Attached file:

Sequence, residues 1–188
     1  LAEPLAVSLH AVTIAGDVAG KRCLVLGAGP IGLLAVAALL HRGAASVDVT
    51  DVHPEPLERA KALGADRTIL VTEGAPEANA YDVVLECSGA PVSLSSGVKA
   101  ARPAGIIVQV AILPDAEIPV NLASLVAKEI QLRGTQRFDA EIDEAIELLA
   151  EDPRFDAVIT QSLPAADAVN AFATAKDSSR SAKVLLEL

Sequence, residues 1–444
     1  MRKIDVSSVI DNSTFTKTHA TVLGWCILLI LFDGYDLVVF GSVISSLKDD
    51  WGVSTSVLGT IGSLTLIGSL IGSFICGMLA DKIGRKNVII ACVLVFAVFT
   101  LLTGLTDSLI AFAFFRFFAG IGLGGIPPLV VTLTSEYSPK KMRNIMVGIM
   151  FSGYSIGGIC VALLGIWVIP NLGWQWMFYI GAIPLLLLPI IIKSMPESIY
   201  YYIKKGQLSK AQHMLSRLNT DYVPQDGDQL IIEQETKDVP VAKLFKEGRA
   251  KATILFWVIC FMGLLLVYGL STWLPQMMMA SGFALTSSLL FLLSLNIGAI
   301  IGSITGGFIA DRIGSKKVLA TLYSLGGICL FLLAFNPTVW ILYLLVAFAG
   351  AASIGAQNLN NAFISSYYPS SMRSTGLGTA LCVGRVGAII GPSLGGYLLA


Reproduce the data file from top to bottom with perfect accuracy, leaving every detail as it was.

Sequence, residues 1–188
     1  LAEPLAVSLH AVTIAGDVAG KRCLVLGAGP IGLLAVAALL HRGAASVDVT
    51  DVHPEPLERA KALGADRTIL VTEGAPEANA YDVVLECSGA PVSLSSGVKA
   101  ARPAGIIVQV AILPDAEIPV NLASLVAKEI QLRGTQRFDA EIDEAIELLA
   151  EDPRFDAVIT QSLPAADAVN AFATAKDSSR SAKVLLEL

Sequence, residues 1–444
     1  MRKIDVSSVI DNSTFTKTHA TVLGWCILLI LFDGYDLVVF GSVISSLKDD
    51  WGVSTSVLGT IGSLTLIGSL IGSFICGMLA DKIGRKNVII ACVLVFAVFT
   101  LLTGLTDSLI AFAFFRFFAG IGLGGIPPLV VTLTSEYSPK KMRNIMVGIM
   151  FSGYSIGGIC VALLGIWVIP NLGWQWMFYI GAIPLLLLPI IIKSMPESIY
   201  YYIKKGQLSK AQHMLSRLNT DYVPQDGDQL IIEQETKDVP VAKLFKEGRA
   251  KATILFWVIC FMGLLLVYGL STWLPQMMMA SGFALTSSLL FLLSLNIGAI
   301  IGSITGGFIA DRIGSKKVLA TLYSLGGICL FLLAFNPTVW ILYLLVAFAG
   351  AASIGAQNLN NAFISSYYPS SMRSTGLGTA LCVGRVGAII GPSLGGYLLA